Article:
Published on June 17th, 2019 | by Zachary Shahan0
Want To Fight Big Oil, Pollution, & Corrupt Pollution-Pushing Politicians? Do This One Thing
June 17th, 2019 by Zachary Shahan
Someone recently shared an interesting Vox article with a powerful title and superb subtitle. Those were:
Stop obsessing over your environmental “sins.” Fight the oil and gas industry instead.
I was curious to see what the article prescribed, but I wasn’t super bullish it would include what immediately came to mind for me. Vox is focused on politics and policy — important stuff, but not at all the “vote with your dollars” ethos we heavily push here on CleanTechnica.
If you’re a regular reader of CleanTechnica, I think you know what I’m going to recommend — buy a freakin’ electric car!
Look, you can fight the oil & gas industry politically all day, every day. Nonetheless, as long as a career con man like Donald Trump can eke out a win on the presidential level (despite losing by 3 million votes), or oil-happy George W. Bush can do so (again, despite losing the popular vote to Al Gore), or [pick your next Republican contender] can do so, and as long as “Grim Reaper” Mitch McConnell rules the Senate and kills every single bill Democrats put on his table, the US government is unlikely to do anything significant to weaken and shrink the oil and gas industry.
On the other hand, you can easily pull thousands of gallons of oil off the market by switching to an electric car. You can bodyslam the polluting oil industry and slug it right where it matters by cutting your own addiction to what it is peddling.
The good or even amazing thing is that there are now dozens of benefits to going electric! You’re not sacrificing anything by going electric. As I just wrote, there are 30 big reasons to buy an electric car today. Not one, not two, not three, but freakin’ 30!
There are various ways to go electric. You can get a top-of-the-market Tesla Model 3. You can get a compelling electric vehicle from several traditional automakers if you for some reason prefer them. You can buy a used electric car for an insanely competitive low price. Or you can go full hippy and switch to an electric bike.
Yes, get involved in politics, in policy, in nonprofit work — I do fully support the request the author of that Vox article was making. She was talking down the importance of personal green consumerism in order to remind people that we need broad political action as well. I agree that we need the latter (especially so that another Trump, Bush, or McConnell isn’t elected to a high office), but I do also think the absolute biggest thing you can do to fight Big Oil, pollution, and pollution-loving politicians is to buy or lease a freakin’ electric car!
Naturally, many CleanTechnica readers have already done so or plan to do so soon, but I am increasingly irritated by climate activists who have been punked with regards to Tesla, climate activists who have incorrectly absorbed the FUD (fear, uncertainty, and doubt) pushed by Big Oil with regards to batteries and electric vehicles, climate activists who think it’s more important to spend hours on Twitter rather than cutting demand for thousands of gallons of oil by switching to an electric car.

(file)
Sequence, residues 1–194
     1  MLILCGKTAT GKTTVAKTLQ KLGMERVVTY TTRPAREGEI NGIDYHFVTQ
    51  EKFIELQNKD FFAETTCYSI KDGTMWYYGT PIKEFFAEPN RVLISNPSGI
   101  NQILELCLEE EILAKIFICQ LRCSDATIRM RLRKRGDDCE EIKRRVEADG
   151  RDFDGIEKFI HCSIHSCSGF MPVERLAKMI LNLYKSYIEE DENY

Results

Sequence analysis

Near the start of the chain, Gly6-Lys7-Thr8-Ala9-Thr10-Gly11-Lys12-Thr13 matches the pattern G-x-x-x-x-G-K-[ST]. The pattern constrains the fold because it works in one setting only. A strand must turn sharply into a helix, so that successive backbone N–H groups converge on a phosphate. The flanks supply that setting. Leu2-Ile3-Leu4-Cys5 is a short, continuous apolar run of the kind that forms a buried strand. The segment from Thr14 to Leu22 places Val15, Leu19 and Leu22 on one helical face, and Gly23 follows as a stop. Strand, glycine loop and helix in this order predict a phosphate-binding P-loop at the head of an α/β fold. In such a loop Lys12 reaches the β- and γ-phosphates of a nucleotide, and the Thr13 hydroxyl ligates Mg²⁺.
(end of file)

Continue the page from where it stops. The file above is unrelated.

Naturally, if you know me at all, you know that I heavily push green political action and green consumerism. The societal situation is too urgent for half-measures. We need to be putting out heroic efforts at every possible level. Yes, I do care if people ignore the importance of personal responsibility on the daily consumer level simply out of laziness, complacency, or the false presumption that individual action doesn’t matter. In fact, without quick and courageous individual action — especially from the people who should be most passionate about moving the market forward — we have absolutely no hope of solving our true climate crisis.
Politicians by and large do not lead — they follow. One of the best ways to push politicians to do what’s right is to push the market in the right direction. Countries are more willing to implement ZEV mandates and carbon pricing when they see that consumers want electric cars. Cities are more likely to ban gasoline and diesel cars if they see that consumers want electric cars. The US Congress is — well, come on, the US Congress is dead until Mitch McConnell and his ilk are removed from office, but in any case, the US Congress is not going to pass sweeping legislation in favor of zero-emissions transport until the market is already clearly showing that’s what it wants. We’re getting there, but any climate activist driving to a march or rally in a gasoline car is quite likely driving us in the wrong direction.
All images by Zach Shahan, CleanTechnica (available for use anywhere with credit)